Review: Power Girl  #6
[Editor’s Note: This review may contain spoiler]

Writer: Leah Williams
Art: Marguerite Sauvage
Colors: Marguerite Sauvage
Letters: Becca Carey


Reviewed by: Matthew Lloyd



Power Girl and Supergirl team up to investigate the disappearance of a number of people and the relationship to a new drug making the rounds- Avalon.  It’s not quite what they expect.


The best thing about Power Girl #6 is the variant covers by Dan Panosian and Brad Walker.  These are two great depictions of Power Girl, despite featuring the current costume.  Panosian wisely loses the jacket to draw attention to Power Girls arms.  Clearly, this isn’t the Power Girl that’s actually in the comic itself.  Unfortunately, one would have to spend extra to get both of these variants.  Panosian also depicts Power Girl as an overall more physically imposing individual.  Walker and Panosian both capture the inner PG as a strong, independent, confident character.  Again, it’s unfortunate that the Power Girl inside the comic shares none of the physical or internal traits Panosian and Walker’s covers show.

There’s an interesting idea in this comic that Williams presents of a “drug” that transports the user to an alternate dimension.  Oddly, it seems like it might fit better in a My Little Pony story than Power Girl, or indeed any DC Universe comic.  If anything, it doesn’t seem out of place for one of the more whimsical Supergirl stories from the Silver Age save the inclusion of the drugs.  It’s surprising that Williams is able to connect Streaky’s story in Power Girl #5 no matter how tenuously.

Eduardo Pansica, who drew the first four issues of this series has been replaced by Marguerite Sauvage who drew the Power Girl back ups in Action Comics and the Power Girl Special.  Pansica’s style fits Power Girl better, but Sauvage’s art is definitely well suited to the playful world Kara and Kara enter in pursuit of the missing people.  Sauvage actually changes her style a bit to reflect the difference between Ferimbia and the regular world.  Her regular style would fit just as well, however…


…the more cartoony approach fits too well with the tone of the script so that any sort of gravitas is lost.  There’s no irony here, either.  It’s hard to feel the weight of the situation outside of the facts we are told in the narration and dialogue.  For a character who’s been emasculated in this current incarnation, Power Girl #6 takes all the oomph out of her adventure as well.  The story arc in issues #1-4 at least felt like there was something significant happening.  This first chapter in this new arc is bereft of any seriousness.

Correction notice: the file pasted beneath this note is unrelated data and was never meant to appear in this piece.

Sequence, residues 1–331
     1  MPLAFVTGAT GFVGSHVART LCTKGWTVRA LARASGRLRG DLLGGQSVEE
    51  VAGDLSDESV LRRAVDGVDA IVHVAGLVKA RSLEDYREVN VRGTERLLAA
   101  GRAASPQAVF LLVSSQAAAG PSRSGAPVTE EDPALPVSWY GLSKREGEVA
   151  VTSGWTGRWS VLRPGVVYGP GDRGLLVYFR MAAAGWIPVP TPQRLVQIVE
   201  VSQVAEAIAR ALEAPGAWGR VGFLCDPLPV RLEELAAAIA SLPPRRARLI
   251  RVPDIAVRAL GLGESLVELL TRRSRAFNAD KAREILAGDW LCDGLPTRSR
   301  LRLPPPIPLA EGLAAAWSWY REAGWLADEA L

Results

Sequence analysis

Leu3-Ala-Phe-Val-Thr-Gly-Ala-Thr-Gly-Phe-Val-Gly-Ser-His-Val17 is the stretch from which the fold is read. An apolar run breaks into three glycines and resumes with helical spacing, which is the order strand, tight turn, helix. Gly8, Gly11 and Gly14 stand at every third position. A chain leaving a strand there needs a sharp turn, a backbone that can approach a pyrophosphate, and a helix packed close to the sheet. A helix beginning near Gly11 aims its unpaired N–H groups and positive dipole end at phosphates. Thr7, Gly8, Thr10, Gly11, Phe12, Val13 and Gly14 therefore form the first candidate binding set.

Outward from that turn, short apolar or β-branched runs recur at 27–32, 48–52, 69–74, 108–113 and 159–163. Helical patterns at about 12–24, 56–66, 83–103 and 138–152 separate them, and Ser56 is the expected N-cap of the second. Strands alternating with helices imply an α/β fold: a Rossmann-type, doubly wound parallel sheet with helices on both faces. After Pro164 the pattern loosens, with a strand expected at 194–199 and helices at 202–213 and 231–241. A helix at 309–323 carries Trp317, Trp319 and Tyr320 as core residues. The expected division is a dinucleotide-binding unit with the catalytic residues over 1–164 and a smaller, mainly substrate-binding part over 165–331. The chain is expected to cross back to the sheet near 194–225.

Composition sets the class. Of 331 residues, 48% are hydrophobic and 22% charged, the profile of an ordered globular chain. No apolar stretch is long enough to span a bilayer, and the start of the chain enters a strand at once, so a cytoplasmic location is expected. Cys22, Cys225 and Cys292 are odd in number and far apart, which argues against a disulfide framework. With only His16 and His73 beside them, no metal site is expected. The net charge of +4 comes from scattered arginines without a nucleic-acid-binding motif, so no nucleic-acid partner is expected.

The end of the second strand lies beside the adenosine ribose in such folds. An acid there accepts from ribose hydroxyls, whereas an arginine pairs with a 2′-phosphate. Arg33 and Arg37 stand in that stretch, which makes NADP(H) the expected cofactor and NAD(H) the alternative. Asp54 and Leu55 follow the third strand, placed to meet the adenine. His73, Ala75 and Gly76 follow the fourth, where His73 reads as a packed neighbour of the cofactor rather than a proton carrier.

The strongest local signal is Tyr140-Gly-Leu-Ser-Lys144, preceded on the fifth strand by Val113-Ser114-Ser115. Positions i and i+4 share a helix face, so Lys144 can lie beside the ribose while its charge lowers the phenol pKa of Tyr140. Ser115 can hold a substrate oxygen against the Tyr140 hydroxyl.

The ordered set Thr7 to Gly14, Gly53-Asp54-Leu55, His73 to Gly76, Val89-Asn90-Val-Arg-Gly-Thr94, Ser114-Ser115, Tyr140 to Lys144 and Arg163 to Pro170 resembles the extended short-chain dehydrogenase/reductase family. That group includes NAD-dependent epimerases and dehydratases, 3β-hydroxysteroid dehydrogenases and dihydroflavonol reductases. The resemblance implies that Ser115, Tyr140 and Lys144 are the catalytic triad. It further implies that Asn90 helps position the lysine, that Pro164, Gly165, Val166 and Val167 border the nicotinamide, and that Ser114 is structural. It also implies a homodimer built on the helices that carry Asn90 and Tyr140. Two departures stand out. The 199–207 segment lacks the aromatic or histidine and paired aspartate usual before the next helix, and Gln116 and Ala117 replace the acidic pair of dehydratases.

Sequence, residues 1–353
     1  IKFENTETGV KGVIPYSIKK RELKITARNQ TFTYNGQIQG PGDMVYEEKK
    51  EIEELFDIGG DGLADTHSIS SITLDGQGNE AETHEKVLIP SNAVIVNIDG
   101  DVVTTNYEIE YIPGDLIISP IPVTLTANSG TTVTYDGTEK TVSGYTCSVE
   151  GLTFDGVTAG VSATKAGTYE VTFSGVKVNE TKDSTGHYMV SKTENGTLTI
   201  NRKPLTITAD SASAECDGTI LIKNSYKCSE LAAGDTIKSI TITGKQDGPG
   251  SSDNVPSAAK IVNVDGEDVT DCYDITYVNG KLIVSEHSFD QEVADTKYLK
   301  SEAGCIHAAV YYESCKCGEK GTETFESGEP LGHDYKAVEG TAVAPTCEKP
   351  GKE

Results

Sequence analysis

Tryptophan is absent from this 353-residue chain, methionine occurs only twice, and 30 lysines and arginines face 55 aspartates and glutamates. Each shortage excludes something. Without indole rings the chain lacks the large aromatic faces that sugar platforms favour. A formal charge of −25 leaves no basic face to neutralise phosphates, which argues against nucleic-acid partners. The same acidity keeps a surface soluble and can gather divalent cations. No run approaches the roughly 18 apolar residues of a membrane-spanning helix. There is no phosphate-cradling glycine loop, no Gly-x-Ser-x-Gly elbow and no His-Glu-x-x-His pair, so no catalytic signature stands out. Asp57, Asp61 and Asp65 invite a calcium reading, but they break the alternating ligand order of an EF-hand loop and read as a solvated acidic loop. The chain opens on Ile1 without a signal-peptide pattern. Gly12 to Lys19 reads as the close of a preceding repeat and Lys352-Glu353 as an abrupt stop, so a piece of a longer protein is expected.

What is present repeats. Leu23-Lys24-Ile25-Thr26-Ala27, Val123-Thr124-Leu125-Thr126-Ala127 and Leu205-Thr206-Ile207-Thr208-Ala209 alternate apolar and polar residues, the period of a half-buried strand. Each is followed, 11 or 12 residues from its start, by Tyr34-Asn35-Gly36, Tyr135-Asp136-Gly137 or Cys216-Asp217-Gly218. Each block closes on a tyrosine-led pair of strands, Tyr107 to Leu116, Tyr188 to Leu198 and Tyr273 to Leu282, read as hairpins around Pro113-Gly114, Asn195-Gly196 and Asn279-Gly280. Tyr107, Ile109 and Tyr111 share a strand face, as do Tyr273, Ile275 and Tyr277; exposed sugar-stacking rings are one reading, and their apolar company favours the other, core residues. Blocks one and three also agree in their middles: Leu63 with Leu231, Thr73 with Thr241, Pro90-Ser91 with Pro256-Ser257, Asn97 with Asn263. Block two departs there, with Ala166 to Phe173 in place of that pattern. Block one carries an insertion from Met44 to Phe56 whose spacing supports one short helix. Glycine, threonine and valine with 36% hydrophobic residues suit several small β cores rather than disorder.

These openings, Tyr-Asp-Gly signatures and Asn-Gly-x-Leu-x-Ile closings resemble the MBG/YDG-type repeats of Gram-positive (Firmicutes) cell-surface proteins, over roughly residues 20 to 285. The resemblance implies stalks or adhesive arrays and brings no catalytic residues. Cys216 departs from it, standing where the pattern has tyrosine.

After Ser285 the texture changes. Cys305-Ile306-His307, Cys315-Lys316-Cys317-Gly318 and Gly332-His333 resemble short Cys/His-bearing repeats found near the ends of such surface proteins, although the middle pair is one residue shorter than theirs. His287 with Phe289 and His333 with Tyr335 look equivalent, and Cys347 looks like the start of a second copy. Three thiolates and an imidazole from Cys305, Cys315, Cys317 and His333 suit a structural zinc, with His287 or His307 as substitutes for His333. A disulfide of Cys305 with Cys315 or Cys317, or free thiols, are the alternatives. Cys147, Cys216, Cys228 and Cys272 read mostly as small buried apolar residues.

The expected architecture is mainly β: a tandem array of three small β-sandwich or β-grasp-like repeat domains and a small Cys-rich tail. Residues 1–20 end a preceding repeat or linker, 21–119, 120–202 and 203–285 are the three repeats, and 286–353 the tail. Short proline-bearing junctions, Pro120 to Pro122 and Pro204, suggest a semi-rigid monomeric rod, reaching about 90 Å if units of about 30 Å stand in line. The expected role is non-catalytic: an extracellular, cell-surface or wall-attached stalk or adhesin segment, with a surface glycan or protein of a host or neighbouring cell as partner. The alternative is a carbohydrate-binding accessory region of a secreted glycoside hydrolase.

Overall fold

The characterization is minimal and subtle.  Williams may do a nice job depicting the relationship between Kara and Kara indirectly, but it leaves the reader with the impression that Supergirl is more competent, more experienced and more capable than Power Girl.  We are used to this characterization of Power Girl by Williams, but it’s still difficult to consume.  Pretty sure Supergirl even blames Power Girl for getting them stuck in a mess.

When Williams was interviewed about taking this series on, one of the things she stated was that she wanted to “definitely wanted to showcase what sets her apart from the rest of the Super-family; not only in her expertise, but how different her personality is. She’s kind of a wild card comparatively because her experience and background differ so greatly [from the others].”  Six issues in it’s clear that what Williams has envisioned about Power Girl is the complete opposite of every other incarnation of Power Girl.  It’s obvious now that this won’t change until someone (an editor? someone on the internet?) explains to Williams that she’s got it all wrong.  Supergirl is not the more confident, experienced and capable character, Power Girl, Karen Starr is.


I’ve finally figured out who this series is for.  It’s definitely not for existing fans of the character who supported her in her first nearly 50 years of existence.  As Williams doesn’t understand anything that happened to the character before she started writing her, Williams has invented an approach.  It’s for young girls (and boys?) who feel insecure and like they don’t fit in anywhere.   That’s all well and good, but there’s no reason to reinvent Power Girl to fit this approach.  The first five issues have been an awful experience and Power Girl #6 doesn’t really change that.  This is probably the worst issue of the series, friendship is not magic in this case.

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